The rapid growth of the RSS actually started during the tenure of the second Sarsanghchalak M.S. Golwalkar (1940 to 1973). That was the period when dozens of organisations were set up by the RSS volunteers such as ABVP, VHP, BMS, Vidya Bharati, and Vanvasi Kalyan Ashram to name a few. The RSS has consistently grown since then and there has been no slow or rapid growth phase. The RSS’ inspired organisations, of course, have their phases of growth. For example, the VHP grew rapidly in the 1980s due to the Ramjanmabhoomi movement; the Sewa Bharati, which serves the poor and the marginalised, has grown very rapidly over the past couple of decades. The Bharatiya Janata Party grew rapidly in late 1980s and 1990s and then post-2014.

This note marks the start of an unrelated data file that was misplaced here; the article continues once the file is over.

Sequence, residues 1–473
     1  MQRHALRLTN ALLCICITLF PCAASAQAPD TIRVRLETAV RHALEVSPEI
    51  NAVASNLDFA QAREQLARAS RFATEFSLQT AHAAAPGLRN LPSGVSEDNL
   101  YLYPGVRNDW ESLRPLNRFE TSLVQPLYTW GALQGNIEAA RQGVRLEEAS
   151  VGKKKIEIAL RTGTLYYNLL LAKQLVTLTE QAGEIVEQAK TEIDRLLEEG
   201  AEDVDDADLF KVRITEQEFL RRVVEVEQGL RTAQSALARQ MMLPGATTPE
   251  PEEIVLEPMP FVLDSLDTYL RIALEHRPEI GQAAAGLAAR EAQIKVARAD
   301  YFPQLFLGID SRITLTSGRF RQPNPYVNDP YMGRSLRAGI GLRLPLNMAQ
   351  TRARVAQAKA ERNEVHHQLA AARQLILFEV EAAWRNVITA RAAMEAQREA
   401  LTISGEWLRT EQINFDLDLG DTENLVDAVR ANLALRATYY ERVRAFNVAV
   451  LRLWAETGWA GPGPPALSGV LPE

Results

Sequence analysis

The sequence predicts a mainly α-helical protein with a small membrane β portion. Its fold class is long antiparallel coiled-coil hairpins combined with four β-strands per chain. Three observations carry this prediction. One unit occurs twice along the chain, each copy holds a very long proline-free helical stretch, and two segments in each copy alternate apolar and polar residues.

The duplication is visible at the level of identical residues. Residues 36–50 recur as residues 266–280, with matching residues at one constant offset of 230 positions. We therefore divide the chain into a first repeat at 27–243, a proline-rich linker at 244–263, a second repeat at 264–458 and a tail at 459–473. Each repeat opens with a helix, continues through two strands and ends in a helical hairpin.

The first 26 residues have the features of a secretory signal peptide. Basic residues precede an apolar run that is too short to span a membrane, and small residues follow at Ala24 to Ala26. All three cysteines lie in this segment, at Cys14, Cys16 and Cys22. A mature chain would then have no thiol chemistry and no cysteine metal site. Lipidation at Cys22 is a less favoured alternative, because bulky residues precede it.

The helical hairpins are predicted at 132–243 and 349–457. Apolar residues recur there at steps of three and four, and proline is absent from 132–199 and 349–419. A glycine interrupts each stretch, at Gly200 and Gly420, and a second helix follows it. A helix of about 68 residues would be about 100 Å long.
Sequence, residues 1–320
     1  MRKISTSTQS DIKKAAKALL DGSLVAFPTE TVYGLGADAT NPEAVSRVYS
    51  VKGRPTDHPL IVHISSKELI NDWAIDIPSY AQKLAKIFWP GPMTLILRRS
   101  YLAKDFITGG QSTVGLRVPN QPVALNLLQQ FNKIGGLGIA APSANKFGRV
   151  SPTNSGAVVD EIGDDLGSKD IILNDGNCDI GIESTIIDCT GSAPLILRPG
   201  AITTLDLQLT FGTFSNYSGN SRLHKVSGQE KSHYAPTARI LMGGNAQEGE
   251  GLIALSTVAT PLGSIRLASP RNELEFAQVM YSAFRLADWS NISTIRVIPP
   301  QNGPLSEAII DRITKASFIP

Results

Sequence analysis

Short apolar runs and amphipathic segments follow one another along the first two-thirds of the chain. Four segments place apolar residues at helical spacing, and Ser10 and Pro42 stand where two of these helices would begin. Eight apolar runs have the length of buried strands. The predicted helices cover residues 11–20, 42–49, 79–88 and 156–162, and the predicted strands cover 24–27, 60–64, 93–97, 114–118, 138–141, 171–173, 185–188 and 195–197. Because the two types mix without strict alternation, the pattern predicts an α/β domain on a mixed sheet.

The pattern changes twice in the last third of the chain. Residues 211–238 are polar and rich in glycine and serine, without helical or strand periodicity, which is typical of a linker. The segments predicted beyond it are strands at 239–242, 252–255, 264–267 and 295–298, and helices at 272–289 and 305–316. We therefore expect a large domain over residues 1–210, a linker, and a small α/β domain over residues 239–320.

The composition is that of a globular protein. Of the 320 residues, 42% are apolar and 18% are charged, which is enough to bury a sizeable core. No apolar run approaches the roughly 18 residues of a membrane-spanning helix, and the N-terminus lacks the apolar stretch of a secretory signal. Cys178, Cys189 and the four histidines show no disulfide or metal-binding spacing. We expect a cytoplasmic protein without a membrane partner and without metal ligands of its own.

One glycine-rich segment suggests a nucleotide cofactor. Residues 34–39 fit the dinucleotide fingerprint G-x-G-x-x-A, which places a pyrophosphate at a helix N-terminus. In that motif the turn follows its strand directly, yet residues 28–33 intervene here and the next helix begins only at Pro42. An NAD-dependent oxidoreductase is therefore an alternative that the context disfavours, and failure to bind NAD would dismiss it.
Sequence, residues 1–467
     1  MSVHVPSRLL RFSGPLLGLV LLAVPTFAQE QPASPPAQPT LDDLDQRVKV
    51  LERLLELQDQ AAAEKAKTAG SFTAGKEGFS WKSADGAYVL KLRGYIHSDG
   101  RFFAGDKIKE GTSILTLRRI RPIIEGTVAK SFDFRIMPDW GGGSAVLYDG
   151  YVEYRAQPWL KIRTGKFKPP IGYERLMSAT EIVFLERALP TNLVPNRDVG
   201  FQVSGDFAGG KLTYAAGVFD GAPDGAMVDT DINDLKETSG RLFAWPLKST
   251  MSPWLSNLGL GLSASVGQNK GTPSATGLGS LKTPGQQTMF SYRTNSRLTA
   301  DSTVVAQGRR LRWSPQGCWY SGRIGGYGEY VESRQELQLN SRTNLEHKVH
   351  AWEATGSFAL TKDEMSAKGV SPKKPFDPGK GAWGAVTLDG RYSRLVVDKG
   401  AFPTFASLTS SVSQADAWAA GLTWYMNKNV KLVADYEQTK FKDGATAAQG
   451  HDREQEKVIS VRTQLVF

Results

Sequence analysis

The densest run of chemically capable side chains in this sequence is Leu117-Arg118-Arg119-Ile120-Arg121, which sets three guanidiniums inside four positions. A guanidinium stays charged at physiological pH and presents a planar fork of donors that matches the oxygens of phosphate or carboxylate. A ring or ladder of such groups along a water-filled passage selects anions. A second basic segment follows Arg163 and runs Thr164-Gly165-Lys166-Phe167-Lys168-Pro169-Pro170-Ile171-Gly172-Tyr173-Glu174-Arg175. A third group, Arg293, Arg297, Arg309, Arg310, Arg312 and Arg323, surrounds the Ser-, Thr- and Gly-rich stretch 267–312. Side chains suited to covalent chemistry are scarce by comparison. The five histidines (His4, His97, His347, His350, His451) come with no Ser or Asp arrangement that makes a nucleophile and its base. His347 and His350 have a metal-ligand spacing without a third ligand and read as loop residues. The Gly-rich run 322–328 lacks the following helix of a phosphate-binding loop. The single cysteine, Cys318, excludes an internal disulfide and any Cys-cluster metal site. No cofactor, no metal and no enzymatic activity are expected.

Dalit vs non-Dalit
Does the Sangh have a special plan to get more ‘Dalit’ influencers in its fold?
The ‘binary’ vision is typical of most Indian political parties and hence the political commentators. However, the RSS doesn’t look at the Indian society from a binary prism of ‘Dalit and non-Dalit’. In fact, the word ‘Dalit’ is not used by the RSS; it prefers to use ‘Scheduled Caste’, the word constitutionally framed for certain socially marginalised sections of the society. R.S.S. A Vision in Action by H.V. Seshadri is a highly recommended book that can help one understand the RSS’ perspective on the socially marginalised sections.